Canadian talents share the stage
Stars and Said The Whale co-star in fantastic show at Mac Hall
Rihanna might have been making headlines for her performance at the Saddledome on Saturday, but Said the Whale and Stars showed Mac Hall the value and quality of Canadian music.
Said the Whale seemed more like a co-headliner than an opening act. They opened very boldly by playing a new song. Though it could be argued the set culminated midway through at “Camilo” or near the end at “Loveless,” it was continually high-energy.
The Vancouver-based band really showed they could illuminate Mac Hall, but, having seen them before, they seem more comfortable in the smaller and more intimate venues.
Still, they worked off the crowd and it resulted in an excellent and well-orchestrated performance.
Veterans to Mac Hall, Stars, were an excellent example of what happens when the band loves performing their craft and are grateful for the fans for appreciating it.
They gave it their all from start to finish, opening with “Relativity,” then continued to play songs from all their al- bums, showing their evolution as a band. Torquil Campbell’s and Amy Millan’s vocals were spot on, and they were extremely charming together.
It was clear the band approaches their concerts not only as a musical show, but as a work of art. When the songs were slow and melancholic, you could imbibe the ache that the band felt. When it was lively and vivacious, the band wasn’t afraid to use the entire stage space to go the extra mile to make the show as vivacious and interesting as possible.
It was dramatic, but not overly so. For the last song, the band sat together in front of the drum kit and all sung, a very viscerally touching moment.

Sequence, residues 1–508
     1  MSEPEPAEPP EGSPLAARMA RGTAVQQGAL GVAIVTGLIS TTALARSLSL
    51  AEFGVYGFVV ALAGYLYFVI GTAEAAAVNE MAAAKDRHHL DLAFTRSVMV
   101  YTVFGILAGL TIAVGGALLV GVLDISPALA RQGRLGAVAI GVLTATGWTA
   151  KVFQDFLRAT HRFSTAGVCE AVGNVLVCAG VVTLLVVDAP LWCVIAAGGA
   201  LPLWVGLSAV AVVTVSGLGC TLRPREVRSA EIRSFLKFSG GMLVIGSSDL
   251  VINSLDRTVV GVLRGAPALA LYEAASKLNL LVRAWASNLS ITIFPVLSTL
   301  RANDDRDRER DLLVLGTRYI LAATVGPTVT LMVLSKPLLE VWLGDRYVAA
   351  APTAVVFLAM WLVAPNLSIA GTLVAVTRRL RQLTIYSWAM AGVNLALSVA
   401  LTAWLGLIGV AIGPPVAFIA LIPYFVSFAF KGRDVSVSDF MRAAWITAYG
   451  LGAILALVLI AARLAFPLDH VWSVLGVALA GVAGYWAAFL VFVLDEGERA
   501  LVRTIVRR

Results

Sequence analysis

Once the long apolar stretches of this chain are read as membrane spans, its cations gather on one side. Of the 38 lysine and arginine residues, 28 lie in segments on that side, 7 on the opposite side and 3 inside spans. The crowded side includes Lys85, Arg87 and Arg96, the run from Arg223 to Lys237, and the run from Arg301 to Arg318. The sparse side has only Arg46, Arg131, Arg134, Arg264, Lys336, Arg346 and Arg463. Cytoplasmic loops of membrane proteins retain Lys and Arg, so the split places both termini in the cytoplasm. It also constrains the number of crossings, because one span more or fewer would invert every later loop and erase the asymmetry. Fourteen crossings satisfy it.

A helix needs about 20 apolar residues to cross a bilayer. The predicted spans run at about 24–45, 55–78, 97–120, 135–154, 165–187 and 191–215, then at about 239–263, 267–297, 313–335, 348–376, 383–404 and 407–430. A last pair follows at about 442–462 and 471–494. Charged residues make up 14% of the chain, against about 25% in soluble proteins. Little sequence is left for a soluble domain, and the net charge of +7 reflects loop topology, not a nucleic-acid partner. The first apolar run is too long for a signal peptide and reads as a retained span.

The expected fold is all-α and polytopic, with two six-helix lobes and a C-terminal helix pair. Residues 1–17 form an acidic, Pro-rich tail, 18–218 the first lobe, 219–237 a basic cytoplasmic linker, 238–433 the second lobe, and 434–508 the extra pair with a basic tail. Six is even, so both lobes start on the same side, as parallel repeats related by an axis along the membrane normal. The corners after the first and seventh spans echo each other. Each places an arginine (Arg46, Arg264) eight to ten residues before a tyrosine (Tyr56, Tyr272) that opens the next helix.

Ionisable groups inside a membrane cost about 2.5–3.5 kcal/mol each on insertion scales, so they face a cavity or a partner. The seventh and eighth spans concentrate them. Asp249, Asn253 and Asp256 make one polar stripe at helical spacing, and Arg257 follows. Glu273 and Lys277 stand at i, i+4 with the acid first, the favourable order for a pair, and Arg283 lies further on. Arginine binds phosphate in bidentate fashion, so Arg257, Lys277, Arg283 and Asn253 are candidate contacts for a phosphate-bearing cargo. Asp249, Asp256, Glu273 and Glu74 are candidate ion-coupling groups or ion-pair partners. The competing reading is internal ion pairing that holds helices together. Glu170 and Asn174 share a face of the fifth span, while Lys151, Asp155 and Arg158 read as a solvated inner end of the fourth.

The most admirable part of Stars was their connection with the audience. Campbell gave much appreciation, explaining that they’ve been coming to the venue for 13 years and it’s weird, big, and cold, but the audience always makes it warm.
Later he called the audience “young fucking awesome people.” The band even granted a request for “Ageless Beauty” to a group of short girls in the front row because they were impressed with how the ladies managed to hold their own against everyone dancing and jumping up against them.
The bassist Evan Cranley even crowd surfed after “Take Me to the Riot.” The interplay of the active crowd and enthusiastic band is what made the concert so spectacular.
Amidst the fun, there were a few minor technical issues. Said the Whale had some sound check problems where the drums and piano were quite blaring and the vocals were a little soft, but it was sorted out before it became too much of an actual problem.
The stage manager for Stars had to run out quite a few times to adjust something. The technical concerns didn’t affect the quality of the show at all because the bands were so engaging, so it was only a minor concern.
Canadian music has had to deal with the stigma of being boring or not as good as your standard American bands from those who haven’t explored it. While one can’t judge bands based solely on their nationality, Said the Whale and Stars proved to everyone that the negative stereotype simply isn’t true.
The concert showed us Canadian art and music is an investment that will always pay off.